Story at a glance
- Researchers studying the relationship between aging and the ability to cope with stress found that limits of a human lifespan lie anywhere from 120 to 150.
- Based on data collected from an iPhone app and medical records from volunteers in both the United States and United Kingdom, the study’s authors measured a subject’s resilience to stressors.
- With age, the researchers found a decline in the subjects ability to recover.
Researchers studying the relationship between aging and the ability to cope with stress found that the limits of a human lifespan lie anywhere from 120 to 150.
Based on data collected from an iPhone app and medical records from volunteers in both the United States and United Kingdom, the study’s authors measured subjects’ resilience to stressors. With age, the researchers found a decline in the subjects ability to recover.
“As we age, more and more time is required to recover after a perturbation, and on average we spend less and less time close to the optimal physiological state,” study author Timothy V. Pyrkov said in a press release.
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The study, which was published in the scientific journal Nature, additionally found that even the healthiest volunteers were subject to the same fundamental laws of aging. The group concluded that “no strong life extension is possible by preventing or curing diseases without” without intercepting fundamental laws of the aging process.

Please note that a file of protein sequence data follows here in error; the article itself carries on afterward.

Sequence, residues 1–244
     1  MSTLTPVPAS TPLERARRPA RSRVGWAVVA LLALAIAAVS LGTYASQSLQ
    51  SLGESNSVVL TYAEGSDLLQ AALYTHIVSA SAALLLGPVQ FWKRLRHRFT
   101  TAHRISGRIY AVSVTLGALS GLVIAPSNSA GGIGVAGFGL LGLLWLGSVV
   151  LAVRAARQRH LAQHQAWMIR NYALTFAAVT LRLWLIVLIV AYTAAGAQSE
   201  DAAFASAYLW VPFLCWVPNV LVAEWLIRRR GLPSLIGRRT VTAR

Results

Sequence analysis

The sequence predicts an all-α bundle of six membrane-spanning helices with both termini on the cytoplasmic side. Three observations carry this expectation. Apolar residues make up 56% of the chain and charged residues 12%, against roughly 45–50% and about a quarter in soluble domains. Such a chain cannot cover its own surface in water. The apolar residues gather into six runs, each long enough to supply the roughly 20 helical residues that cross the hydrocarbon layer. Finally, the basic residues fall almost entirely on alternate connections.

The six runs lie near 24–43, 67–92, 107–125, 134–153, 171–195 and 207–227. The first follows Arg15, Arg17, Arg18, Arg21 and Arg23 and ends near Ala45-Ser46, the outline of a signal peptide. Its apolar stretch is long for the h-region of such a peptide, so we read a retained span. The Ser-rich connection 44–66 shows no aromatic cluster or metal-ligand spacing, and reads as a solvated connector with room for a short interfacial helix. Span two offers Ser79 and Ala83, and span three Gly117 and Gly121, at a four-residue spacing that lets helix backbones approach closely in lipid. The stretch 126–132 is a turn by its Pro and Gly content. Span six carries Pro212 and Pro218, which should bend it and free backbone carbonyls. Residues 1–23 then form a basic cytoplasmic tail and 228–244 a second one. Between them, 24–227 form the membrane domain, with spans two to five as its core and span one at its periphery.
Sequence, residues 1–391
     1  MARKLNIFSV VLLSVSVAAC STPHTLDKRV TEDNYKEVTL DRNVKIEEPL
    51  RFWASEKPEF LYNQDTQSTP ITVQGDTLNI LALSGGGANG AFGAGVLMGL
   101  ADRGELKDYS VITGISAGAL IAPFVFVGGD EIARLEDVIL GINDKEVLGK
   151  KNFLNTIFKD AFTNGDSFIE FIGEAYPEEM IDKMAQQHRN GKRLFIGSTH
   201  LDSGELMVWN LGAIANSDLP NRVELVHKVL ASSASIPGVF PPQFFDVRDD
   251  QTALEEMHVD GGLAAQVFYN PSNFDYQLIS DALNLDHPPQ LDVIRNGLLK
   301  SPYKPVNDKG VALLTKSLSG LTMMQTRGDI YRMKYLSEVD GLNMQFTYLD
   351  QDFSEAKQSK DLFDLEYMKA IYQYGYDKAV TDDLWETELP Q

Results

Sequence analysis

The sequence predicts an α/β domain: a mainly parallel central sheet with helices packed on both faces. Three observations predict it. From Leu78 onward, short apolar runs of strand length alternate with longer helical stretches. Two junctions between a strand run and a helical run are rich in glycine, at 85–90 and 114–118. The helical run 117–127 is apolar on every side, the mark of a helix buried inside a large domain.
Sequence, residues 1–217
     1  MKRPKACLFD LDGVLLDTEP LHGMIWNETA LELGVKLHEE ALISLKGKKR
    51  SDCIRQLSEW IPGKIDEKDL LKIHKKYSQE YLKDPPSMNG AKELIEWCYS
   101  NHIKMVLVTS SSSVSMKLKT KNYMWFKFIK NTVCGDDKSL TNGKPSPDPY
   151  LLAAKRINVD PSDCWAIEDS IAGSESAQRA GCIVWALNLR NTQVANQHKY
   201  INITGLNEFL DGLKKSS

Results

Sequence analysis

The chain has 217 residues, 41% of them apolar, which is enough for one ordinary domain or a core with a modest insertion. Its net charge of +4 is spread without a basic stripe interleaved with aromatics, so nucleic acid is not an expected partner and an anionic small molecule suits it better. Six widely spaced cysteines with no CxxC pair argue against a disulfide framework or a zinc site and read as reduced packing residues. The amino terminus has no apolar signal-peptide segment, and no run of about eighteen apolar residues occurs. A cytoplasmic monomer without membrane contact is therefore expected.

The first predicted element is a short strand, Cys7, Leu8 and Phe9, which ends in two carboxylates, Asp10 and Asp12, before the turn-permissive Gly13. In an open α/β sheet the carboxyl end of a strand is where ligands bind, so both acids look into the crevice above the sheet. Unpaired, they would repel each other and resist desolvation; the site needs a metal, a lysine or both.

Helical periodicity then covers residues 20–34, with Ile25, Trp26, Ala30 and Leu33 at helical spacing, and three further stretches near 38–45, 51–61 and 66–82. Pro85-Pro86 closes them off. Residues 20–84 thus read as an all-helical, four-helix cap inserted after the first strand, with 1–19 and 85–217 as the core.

“Aging in humans exhibits universal features common to complex systems operating on the brink of disintegration,” said Peter Fedichev, co-founder and CEO of Gero, a biotech company involved in the research.
“This work is a demonstration of how concepts borrowed from physical sciences can be used in biology to probe different aspects of senescence and frailty to produce strong interventions against aging,” he added in the press release.
Andrei Gudkov, senior vice president and chair of the Department of Cell Stress Biology at Roswell Park Comprehensive Cancer Center, was involved in the study and called the research a “conceptual breakthrough.”
“It explains why even most effective prevention and treatment of age-related diseases could only improve the average but not the maximal lifespan unless true anti-aging therapies have been developed,” Gudkov concluded.
The oldest human on record lived to be 122.
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